Reserve Bank of India Governor Shaktikanta Das has proposed to his counterparts in other central banks that cutting rates by 10 basis points instead of 25 may be a better option for monetary policy makers.
If he also intends to bring this idea to the RBI’s MPC, then it would be a move in the wrong direction. India may, instead, need bigger rate cuts for them to impact interest rates in the economy.
A 25 basis points rate cut when interest rates are at, say, 2 per cent, is a rate cut of one-eighth or 12.5 per cent. The policy interest rate, or the repo rate in the Indian context, is reduced from 2 per cent per annum to 1.75 per cent per annum.
When this rate cut gets translated into lower lending rates, they have a significant impact on the interest costs for borrowers or lenders. If there is a well-functioning monetary policy transmission mechanism, and let’s say the rate cut is fully transmitted into lending rates, it reduces the interest costs by 12 per cent. Lower interest costs of 10-12 per cent can make certain unviable projects viable. A rate cut of this magnitude can have an impact on the economy.
On the other hand, a 25 basis points cut at a 7 per cent policy rate only takes it down to 6.75 — a drop of just 0.035 per cent, or less than even half of 1 per cent. India has been a country with high policy interest rates. So 25 basis points rate cuts in India are very, very small in terms of the total impact they have on interest payments. They are unlikely to shift the numbers on viability or otherwise of investment projects.
Further, in India, the transmission of a 25 basis points is sometimes zero. Recently we have seen some banks cutting their lending rates by 5 basis points when the MPC has cut interest rates by 25 basis points.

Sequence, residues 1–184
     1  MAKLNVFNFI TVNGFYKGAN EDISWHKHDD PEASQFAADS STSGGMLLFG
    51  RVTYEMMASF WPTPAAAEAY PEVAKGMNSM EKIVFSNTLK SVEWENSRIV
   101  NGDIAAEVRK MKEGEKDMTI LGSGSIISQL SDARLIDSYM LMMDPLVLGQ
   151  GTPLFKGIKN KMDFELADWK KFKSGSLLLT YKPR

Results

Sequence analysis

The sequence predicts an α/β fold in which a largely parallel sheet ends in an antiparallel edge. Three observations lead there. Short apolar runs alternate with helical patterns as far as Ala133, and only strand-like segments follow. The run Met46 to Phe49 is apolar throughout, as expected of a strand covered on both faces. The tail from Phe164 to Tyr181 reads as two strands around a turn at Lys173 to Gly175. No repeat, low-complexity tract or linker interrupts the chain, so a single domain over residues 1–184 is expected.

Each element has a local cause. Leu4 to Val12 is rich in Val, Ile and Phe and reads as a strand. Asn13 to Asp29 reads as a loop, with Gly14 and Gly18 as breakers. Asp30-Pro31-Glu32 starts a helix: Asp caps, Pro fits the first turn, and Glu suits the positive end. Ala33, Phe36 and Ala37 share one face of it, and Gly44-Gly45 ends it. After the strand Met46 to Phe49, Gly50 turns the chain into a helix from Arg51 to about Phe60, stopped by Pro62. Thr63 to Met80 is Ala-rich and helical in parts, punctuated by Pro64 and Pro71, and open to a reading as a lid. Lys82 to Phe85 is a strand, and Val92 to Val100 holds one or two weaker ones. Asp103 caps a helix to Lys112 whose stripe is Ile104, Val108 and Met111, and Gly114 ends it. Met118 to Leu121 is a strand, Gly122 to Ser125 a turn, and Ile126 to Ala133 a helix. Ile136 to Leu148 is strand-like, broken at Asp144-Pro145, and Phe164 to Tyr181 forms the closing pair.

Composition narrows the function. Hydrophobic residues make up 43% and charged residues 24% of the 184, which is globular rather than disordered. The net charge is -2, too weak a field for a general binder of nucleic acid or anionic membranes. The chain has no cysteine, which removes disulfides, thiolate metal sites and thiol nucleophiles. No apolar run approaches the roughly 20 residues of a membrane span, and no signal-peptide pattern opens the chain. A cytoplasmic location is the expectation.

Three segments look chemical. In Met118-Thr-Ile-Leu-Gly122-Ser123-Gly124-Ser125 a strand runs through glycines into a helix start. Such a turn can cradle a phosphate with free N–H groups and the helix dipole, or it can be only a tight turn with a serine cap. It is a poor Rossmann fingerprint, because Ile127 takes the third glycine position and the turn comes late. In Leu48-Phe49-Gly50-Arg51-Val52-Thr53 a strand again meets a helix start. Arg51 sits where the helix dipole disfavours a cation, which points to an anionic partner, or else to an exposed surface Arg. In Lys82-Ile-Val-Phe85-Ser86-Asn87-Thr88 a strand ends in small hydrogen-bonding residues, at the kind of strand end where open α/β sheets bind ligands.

Instead of thinking about cutting the rate by 10 basis points, central banks may want to shift to thinking about a 10 per cent change in interest rates. For India, if the interest rate is 7, then it would mean cutting the rate by 70 basis points, or nearly three times the typical cut of 25 basis points.
When the RBI would cut rates by 25 basis points from 8 per cent, the change was so small that there would be very little impact on the market. Yet, instead of discussing whether the standard rate cut in India should be 50 or even 100 basis points — which would be equivalent to the 1/8th cut of the US Federal Reserve System from 2 per cent by 25 basis points — the RBI typically followed the US Fed’s norms.
This would mean that different central banks have different standard magnitudes of rate cut, rather than the 25 basis points, and that should depend on their long-term policy rate. This may, of course, be too complicated for markets in the beginning, habituated as they are to basis points cuts. But it is something that needs to be debated.
We must remember that has two problems, transmission and inflation.
1. At the end of it, we need transmission, so a 10 basis points rate-cut would be meaningless as there would be zero transmission.
2. RBI is inflation targeting: How much would a 10 basis points change impact inflation? Could the impact be measured? If no, then one shouldn’t do something where one can’t measure the result.
There is an error in our measurement and inflation itself has a spread, so a 10 basis points change won’t make any measurable impact.
Ila Patnaik is an economist and a professor at the National Institute of Public Finance and Policy.
Views expressed by the author are personal.
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